C0746. CHARLES MUNCH Cond. Boston S.O. Symphony #4 in d; Cello Concerto in a (both Schumann); Divertimento, Op. 86 (after Couperin) Ein Heldenleben; Tod und Verklarung; Don Juan; Gedichte aus Letzte Blatter - Wiegenlied; Morgen; Ständchen (all Strauss); Academic Festival Overture; Symphony #2 in D; Double Concerto for Violin and Cello in a; Piano Concerto # 1 in d (all Brahms); 'From the New World' Symphony #9 in e (Dvorák) (E.U.) 5-West Hill Radio Archives WHRA 6017, all Live Performances from Symphony Hall (except Strauss-Couperin). Transfers by Andrew Rose. Long out-of-print, Final Sealed Copy! - 4015023160170
"It's difficult to articulate what makes Munch's conducting special - or indeed if there even is anything identifiably unique about it. A lesser talent would simply turn out generic, cookie-cutter performances; but Munch was anything but generic. He was one of the most musical of conductors; in so many of his performances, everything simply sounds 'right'. Certainly, his experience as an orchestral musician gave him a lot of practical insight into the mechanics of directing orchestra traffic. But a classic Munch interpretation never sounds calculated. Spontaneity was one of his hallmarks, sometimes to the surprise and discomfort of the musicians playing under him. From one night to the next, a Munch performance of the same piece might be very different, depending on his mood of the moment - yet it would always sound like Munch."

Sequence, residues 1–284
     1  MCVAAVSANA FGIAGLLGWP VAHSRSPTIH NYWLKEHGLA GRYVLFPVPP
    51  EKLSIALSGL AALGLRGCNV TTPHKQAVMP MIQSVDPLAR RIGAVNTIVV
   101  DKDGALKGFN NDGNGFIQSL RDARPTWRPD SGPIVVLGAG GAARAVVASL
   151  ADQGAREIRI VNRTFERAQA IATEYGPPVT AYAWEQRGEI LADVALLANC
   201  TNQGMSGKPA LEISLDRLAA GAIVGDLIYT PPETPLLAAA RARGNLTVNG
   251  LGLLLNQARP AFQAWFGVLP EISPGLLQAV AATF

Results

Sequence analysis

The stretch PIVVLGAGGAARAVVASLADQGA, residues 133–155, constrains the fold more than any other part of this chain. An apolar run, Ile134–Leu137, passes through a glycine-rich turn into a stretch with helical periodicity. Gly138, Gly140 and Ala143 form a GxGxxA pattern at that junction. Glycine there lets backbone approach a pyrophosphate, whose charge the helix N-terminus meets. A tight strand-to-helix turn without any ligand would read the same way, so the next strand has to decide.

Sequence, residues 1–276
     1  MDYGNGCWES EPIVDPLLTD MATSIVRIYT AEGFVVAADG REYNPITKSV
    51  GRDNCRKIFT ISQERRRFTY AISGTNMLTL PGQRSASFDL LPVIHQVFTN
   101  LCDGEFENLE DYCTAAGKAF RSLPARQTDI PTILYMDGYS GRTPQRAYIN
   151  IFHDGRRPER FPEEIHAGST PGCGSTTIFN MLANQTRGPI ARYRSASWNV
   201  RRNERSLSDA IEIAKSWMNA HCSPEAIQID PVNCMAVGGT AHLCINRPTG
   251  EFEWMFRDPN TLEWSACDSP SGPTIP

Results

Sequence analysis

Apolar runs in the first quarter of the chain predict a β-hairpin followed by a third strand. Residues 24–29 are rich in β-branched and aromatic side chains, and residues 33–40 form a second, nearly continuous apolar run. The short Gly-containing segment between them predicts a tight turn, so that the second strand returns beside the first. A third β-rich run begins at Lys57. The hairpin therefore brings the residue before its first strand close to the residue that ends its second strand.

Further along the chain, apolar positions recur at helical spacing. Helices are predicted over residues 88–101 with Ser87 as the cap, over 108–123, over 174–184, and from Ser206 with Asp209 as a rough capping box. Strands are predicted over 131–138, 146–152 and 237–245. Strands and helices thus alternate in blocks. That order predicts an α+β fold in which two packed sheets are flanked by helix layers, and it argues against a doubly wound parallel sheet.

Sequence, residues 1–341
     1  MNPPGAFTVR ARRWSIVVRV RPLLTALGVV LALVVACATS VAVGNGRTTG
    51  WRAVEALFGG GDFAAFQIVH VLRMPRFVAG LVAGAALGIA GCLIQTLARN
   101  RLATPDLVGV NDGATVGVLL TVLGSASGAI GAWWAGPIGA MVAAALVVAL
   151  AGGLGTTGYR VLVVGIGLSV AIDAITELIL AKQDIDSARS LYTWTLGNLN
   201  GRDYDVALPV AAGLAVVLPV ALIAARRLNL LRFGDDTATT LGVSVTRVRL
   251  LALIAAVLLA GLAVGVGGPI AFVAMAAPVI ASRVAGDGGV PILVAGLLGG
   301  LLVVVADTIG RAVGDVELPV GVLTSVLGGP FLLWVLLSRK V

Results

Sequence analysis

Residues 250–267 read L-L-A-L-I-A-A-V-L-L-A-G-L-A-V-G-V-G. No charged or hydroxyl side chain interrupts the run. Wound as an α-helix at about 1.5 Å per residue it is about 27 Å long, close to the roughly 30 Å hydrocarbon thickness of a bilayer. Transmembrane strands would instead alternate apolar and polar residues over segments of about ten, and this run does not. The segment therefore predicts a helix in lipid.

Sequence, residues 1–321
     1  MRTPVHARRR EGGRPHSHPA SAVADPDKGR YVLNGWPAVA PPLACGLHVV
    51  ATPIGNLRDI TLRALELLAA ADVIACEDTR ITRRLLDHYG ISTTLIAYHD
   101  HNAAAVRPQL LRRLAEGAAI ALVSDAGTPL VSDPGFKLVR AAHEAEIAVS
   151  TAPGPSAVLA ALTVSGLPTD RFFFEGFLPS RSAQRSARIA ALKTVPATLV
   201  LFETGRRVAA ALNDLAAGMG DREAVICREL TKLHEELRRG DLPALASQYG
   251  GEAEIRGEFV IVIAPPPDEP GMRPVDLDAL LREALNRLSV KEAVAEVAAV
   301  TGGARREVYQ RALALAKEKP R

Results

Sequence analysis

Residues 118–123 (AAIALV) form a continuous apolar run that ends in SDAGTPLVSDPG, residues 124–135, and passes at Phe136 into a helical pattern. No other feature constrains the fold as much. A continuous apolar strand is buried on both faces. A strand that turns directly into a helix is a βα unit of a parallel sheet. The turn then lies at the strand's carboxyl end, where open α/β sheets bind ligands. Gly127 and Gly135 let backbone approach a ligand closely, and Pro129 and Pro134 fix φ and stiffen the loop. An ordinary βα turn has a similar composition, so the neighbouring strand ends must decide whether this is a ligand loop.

- Lawrence Hansen, AMERICAN RECORD GUIDE, Nov. /Dec., 2012
"When you played a concert with Charles Munch or attended one of his performances as a listener, it was not just a concert - It was an event. He never used the same palette twice. As a player, you had to give 110% of yourself, or be left out of the music."
-Vic Firth, percussionist, Boston Symphony Orchestra